KNOXVILLE, Tenn. (WATE) — With Halloween coming up at the end of the month, Knox County’s mayor announced neighborhood trick-or-treating can go on as planned this year.
The announcement came with a series of recommendations to celebrate safely amid the pandemic.
But a local woman in a Halloween hot spot is shaking up her tradition because of COVID-19.
On a typical Halloween night in the Island Home neighborhood, the streets are usually packed with trick-or-treaters.
“I have neighbors who will go back to the store 2 and 3 and 4 times to get enough candy to take care of all the kids that come,” said Carolyn Williams, who lives in the neighborhood.
But 2020 is anything but typical.
“For the first time in the 41 years that we’ve lived here, we will not be answering the door, nor handing out candy, treats, because we just don’t think it’s safe. We don’t think it’s safe for the kids and their families, and we don’t feel safe doing it,” Williams said.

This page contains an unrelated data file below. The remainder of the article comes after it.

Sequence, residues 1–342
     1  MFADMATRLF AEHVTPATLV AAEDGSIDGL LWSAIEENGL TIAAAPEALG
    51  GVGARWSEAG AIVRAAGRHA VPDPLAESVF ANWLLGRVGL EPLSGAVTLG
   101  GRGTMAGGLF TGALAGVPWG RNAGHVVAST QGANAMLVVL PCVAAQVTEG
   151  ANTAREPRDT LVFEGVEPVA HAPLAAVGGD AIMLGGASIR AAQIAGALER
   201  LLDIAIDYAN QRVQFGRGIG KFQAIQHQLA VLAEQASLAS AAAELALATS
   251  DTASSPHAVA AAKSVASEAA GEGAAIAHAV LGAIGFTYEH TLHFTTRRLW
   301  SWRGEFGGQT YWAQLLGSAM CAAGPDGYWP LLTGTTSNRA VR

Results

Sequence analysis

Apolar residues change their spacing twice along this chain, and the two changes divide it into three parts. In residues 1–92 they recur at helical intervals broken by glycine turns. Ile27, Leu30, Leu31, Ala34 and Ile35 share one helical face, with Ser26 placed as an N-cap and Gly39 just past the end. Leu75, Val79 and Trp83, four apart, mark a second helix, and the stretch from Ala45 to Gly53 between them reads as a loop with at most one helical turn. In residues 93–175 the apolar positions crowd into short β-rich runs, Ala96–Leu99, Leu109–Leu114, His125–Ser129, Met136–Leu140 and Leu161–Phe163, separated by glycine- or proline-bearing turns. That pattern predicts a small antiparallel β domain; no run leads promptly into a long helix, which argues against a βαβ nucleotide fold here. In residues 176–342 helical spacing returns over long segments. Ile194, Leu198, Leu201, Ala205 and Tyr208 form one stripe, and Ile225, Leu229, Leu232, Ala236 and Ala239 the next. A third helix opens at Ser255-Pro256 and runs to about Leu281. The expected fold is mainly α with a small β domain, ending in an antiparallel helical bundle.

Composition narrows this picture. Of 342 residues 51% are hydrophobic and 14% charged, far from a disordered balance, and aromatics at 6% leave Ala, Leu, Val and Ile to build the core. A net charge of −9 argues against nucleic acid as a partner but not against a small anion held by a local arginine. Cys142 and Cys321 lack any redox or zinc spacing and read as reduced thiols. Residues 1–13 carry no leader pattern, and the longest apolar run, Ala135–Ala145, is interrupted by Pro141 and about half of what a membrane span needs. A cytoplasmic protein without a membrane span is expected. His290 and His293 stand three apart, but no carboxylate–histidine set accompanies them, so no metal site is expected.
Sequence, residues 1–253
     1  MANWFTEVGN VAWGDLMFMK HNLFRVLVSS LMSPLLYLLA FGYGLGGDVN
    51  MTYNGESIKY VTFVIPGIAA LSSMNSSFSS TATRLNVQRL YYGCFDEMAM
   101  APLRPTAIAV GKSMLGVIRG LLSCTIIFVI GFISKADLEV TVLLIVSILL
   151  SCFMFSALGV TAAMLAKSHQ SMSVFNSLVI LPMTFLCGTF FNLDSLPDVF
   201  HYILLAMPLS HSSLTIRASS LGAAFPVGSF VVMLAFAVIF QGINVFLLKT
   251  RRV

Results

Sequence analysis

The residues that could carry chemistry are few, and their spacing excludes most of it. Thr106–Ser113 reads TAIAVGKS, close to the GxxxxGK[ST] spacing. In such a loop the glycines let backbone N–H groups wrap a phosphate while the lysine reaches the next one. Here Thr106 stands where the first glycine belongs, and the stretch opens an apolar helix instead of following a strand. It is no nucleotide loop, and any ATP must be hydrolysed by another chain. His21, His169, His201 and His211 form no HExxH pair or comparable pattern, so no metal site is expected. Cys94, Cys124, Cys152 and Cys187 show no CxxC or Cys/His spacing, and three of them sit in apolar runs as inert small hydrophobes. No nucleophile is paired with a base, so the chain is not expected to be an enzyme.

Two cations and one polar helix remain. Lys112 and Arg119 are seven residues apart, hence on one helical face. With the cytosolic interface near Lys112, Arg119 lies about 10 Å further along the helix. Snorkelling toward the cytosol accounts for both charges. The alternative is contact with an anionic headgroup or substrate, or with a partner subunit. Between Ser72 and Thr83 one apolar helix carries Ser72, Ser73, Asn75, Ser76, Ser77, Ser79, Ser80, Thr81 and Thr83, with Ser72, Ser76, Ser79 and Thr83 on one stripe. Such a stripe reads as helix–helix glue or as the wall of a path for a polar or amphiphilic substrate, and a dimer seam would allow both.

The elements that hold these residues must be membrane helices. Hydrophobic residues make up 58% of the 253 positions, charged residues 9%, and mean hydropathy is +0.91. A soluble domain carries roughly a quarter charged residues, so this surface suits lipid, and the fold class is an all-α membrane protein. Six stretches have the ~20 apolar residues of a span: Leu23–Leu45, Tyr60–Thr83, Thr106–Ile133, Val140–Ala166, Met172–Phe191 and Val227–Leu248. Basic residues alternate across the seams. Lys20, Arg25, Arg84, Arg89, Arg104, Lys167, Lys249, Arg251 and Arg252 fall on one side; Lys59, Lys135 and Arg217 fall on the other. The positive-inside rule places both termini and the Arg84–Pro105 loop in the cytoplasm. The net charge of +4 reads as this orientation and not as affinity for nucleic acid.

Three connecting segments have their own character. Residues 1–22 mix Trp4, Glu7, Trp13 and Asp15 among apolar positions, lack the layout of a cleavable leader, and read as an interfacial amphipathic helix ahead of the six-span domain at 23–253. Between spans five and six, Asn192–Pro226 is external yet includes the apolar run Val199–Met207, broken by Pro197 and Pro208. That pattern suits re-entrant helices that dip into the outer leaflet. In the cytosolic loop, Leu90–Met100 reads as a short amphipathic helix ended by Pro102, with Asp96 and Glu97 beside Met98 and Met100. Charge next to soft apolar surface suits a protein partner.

There’s another break in tradition for Williams because of COVID-19. This year, she says, she’s canceling her annual Halloween party for children in the neighborhood.
“It’s sort of sad because we always have such a good time,” she said.
While Williams expects her neighbors who are participating in Halloween celebrations to follow safety recommendations, she’s looking forward to a time that feels more like years past.
“We hope that next year we’ll be out sitting on the porch handing out candy again. That’s the goal,” said Williams.
The Island Home Neighborhood Association says they’ll meet on Monday and should have a better idea of their community’s Halloween game plan then.
In the meantime, Knox County put out a list of recommendations offered up by the Health Department for safe trick or treating.